Shakespeare, William. King Lear. University of Virginia Electronic Text Center, 15XX. This is my favorite Shakespeare play. I don't know if I would have re-read it now if I hadn't had a copy on my iPaq and needed something to read at night without disturbing Molly and Tony on our trip to Madrid. I like Lear for its apocalyptic vision and because I think the transition from one generation to the next is an interesting topic. The paper I wrote on this play in college, which compares Edgar to the Fool, is one of my favorites.
This play was discussed by the Great Books KC group of which I am a member. We also watched the movie "A Thousand Acres" to see another version of the plot. This story becomes more harrowing the older one becomes. It's a reminder that one's children don't always remain loyal. But then again, some parents do bad things or make unwise choices.
For some reason I was rather set against this play at the beginning. However, it had all the elements I enjoy in a story; gruesome, depressing and yet, after act two, compelling. I couldn't put it down. It's sort of the flip-side of his comedies. Lots of misunderstanding at the beginning, betrayals by the bad guys (that's not in the comedies much), lots of people running around disguised as other people, then at the end, instead of everyone forgiving everyone after all is revealed, almost everyone dies. Not quite the happy-ever-after ending of the comedies, yet in this play it worked. I'm left with one thing unsettled though, what happened to the blind Gloucester?
Not one of my favorites by Shakespeare. The language, as always, is beautiful but the plot seems too thin, convoluted and unbelievable for me to really appreciate. I haven't actually seen this play on the stage. Maybe I would enjoy it more in that context.
This is my favorite Shakespeare tragedy. The plot, language, and characterization show the dramatist at his mature best.
Another great tragic tale as told my Shakespeare. Like all his plays, you're able to dig deep into this story and draw out tons of stories, themes and hidden meanings out of all its layers. An enjoyable read for any Shakespeare enthusiast.
Let me talk about this specific edition of the book first. I have to read this edition for my creative writing class. At first, it can be so hard to read, but once you put your heart reading it, it is an easy read. This is also because the translation of the words are on the other side of the page. Unlike the other King Lear edition where you need to go to the back of the and check what those words mean. It's also affordable. The play itself is really good - not too depressing or cheesy for me compare to Hamlet. Even though this is about a royal family, anyone can relate it directly or indirectly whether they have rivalry with their siblings or a loyal assistant or having problems with their parents.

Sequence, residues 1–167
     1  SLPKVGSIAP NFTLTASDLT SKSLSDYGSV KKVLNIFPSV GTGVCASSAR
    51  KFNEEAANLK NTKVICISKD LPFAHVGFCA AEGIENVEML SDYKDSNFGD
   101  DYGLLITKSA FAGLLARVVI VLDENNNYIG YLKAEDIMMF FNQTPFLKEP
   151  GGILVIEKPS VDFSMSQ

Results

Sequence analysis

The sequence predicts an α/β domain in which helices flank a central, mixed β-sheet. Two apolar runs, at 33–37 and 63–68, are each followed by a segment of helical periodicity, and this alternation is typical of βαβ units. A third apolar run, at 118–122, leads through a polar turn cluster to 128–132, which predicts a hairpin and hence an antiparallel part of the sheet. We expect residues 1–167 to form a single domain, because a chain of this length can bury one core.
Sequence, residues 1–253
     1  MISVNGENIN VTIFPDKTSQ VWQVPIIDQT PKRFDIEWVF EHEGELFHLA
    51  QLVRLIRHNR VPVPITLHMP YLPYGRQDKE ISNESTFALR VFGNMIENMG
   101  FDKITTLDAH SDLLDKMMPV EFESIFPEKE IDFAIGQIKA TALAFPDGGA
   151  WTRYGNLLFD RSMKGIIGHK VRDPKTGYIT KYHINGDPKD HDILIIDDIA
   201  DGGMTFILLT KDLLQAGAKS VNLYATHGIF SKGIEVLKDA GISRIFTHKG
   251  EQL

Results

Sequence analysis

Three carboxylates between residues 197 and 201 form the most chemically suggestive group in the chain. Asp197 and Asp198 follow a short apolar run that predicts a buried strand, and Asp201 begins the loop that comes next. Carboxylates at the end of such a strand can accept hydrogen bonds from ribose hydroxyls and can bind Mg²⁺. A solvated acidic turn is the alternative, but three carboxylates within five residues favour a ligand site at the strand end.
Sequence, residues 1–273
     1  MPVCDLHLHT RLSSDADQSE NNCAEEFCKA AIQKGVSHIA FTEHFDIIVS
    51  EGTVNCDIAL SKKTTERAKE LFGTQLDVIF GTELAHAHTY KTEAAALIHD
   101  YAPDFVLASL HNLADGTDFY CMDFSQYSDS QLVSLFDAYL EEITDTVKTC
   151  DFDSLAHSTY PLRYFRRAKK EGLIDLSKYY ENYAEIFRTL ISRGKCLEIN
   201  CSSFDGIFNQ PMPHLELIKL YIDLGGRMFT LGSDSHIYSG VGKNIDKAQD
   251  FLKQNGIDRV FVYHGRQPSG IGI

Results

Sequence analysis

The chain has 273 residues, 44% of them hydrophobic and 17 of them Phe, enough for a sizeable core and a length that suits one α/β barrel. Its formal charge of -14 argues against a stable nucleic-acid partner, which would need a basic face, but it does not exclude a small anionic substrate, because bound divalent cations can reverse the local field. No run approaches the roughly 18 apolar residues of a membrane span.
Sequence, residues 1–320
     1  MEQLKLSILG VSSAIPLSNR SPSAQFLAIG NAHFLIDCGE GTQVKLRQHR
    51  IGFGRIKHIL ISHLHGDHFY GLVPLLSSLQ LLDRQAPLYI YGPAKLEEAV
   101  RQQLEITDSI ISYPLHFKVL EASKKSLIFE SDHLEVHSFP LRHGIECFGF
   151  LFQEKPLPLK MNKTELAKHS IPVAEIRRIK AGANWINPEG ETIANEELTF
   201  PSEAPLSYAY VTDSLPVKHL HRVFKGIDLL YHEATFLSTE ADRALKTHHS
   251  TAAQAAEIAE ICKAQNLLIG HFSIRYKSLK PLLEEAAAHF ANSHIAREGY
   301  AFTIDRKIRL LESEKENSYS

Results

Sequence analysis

This is my favorite of all of Shakespeare's works. Blood, death, and treachery. Who could ask for more!
I decided to overcome longstanding feelings of inadequacy which had until now kept me away from Shakespeare's plays, which I had never studied in school and which seemed indecipherable to me. There is no particular reason why I chose to start with Lear, other than the fact that I had gotten my hands on an excellent audio version of a performance featuring John Gielgud as the king. One of Shakespeare most bleak and depressing, plays, it tells the story of how King Lear chose to divide his kingdom between his two eldest daughters because of their flattering words, disowning his most faithful daughter, Cordelia when she fails to shower him with compliments, and thereby bringing himself unending torment and sorrow. I've yet to listen to that performance, but I read the play first, and with SparkNotes helping me to decipher all the nuances of Shakespearean English, was surprised to find myself enjoying it to the point of laughter when the unremitting bleakness had one of the central characters putting it succinctly when he said: "Our present business is general woe". That's one Shakespeare quote I'm not likely to forget!
Where is the 6th star, or even up to the 101st? Most likely the best English language play ever written, with one of the most phenomenal characters ever created. Hundreds of years before neural imaging began (like, last Tuesday,) to reveal the importance of intrinsic and extrinsic networks on behavior, the different tendencies between men and women and between man and man, the pyramidical, male-dominated social structures our species has tended to create over the last 10,000 years or so, Shakespeare intuited so, so much. From the start, where nothing will come from nothing, (a pun on 'noting' or social mores which, perhaps, the Bard intended in a more comprehensive way,) to Lear's failed, heartbreaking attempt to return to and save something greater than himself, it's a devastating, crystal clear work. We should use our tongues and eyes to crack heaven's gate, but we don't. A lifetime of careful observation, a brilliant mind, and a one-in-a-billion talent for prosody concentrated into a few hours.
What can I say about Shakespeare. He wrote a tragedy and I lived it through this book. Though reading such complicated manner of writing was a difficult task, I did not disturb my understanding of the story line. Since it is a tragedy, I was not a surprise to me that people died at the end, but the reason for which they died made me almost cry. One of the main themes of this tragedy is the bond between a father and a his offspring: King Lear and his daughters and Gloucester and his sons. Honesty and betrayal play an important role in the plot. I was socked by the behavior of the two daughters towards their father. They were mean to his just so they can get his kingdom. Although, Lear only wanted their love. I was a good read for sure and I can't wait until I will be able to discuss it with my classmates.
If I could only recommend one Shakespeare Play it would be King Lear.